Retirement date


Q. I am 51 years of age and was born in 1961, which makes 56 my minimum retirement age. My birthday is Jan. 20. I recently lost my job in my hometown and was fortunate to gain employment with another federal agency, which is two hours from my home. I want to retire at my MRA.

1. Is Jan. 20, 2017, the date that I can retire? I would be 56 on that day.

2. If I retire at age 56, would the penalty be 5 percent per year of my FERS, or 20 percent?

3. Would I take this penalty until age 60 or 62, or would the penalty stay with me for life?

I was told at one point that my penalty would stay with me until age 60 because I would have over 20 years of service.

A. 1. Yes, you can retire on your 56th birthday. However, you could retire on the day before that because Jan. 20 is actually the first day of your 57th year.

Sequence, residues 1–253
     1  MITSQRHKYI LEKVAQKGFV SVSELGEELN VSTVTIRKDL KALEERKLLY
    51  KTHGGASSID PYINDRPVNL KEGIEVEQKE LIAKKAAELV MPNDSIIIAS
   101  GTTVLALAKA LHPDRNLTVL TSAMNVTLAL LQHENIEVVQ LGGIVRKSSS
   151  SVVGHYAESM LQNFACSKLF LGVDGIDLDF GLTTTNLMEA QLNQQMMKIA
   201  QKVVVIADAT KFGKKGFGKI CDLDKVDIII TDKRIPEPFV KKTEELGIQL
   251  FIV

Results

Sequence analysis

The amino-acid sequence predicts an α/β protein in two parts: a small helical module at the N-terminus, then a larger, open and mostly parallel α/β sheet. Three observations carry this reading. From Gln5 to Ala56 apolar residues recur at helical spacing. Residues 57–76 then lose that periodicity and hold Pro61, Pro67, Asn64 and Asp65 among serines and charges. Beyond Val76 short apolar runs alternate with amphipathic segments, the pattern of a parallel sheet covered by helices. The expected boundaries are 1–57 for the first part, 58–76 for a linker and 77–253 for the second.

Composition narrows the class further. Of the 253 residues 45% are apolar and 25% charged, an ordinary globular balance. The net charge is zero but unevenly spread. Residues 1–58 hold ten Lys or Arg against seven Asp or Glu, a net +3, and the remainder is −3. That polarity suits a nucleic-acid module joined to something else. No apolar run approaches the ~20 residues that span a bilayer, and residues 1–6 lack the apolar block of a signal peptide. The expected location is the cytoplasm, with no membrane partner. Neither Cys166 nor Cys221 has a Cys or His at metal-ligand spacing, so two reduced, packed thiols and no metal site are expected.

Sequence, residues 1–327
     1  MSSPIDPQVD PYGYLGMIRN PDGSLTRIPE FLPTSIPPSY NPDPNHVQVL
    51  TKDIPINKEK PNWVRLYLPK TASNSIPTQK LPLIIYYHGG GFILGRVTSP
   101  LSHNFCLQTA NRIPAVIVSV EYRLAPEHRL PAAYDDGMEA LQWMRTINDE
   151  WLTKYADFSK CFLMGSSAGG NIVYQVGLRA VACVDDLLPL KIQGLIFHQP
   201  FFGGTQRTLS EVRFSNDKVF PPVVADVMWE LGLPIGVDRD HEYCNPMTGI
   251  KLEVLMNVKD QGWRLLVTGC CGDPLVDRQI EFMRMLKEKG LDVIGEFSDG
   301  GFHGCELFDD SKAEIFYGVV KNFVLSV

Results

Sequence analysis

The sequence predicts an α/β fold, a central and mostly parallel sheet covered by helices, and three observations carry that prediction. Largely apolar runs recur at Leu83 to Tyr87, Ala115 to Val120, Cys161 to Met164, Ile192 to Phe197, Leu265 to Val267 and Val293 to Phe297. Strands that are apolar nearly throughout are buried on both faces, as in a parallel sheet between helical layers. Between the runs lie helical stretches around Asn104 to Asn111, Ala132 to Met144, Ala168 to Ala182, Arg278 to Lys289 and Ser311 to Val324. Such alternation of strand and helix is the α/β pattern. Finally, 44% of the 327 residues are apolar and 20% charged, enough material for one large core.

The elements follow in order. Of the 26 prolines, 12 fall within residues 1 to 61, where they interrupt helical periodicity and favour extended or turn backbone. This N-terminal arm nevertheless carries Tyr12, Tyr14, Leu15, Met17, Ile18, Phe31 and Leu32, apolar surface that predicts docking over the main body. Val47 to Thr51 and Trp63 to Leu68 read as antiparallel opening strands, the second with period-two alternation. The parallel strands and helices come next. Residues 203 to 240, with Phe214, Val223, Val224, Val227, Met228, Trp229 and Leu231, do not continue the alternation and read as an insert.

2. If you are retiring under the MRA+10 provision (minimum retirement age with at least 10 but fewer than 30 years of service), your annuity would be reduced by 5 percent for every year you are younger than age 62.

3. The age reduction penalty is a permanent reduction in your annuity. Assuming that you have at least 20 years of service, the only way to avoid the age penalty is to retire and postpone the receipt of your annuity until you reach age 60.


About Author

Reg Jones was head of retirement and insurance policy at the Office of Personnel Management. Email your retirement-related questions to

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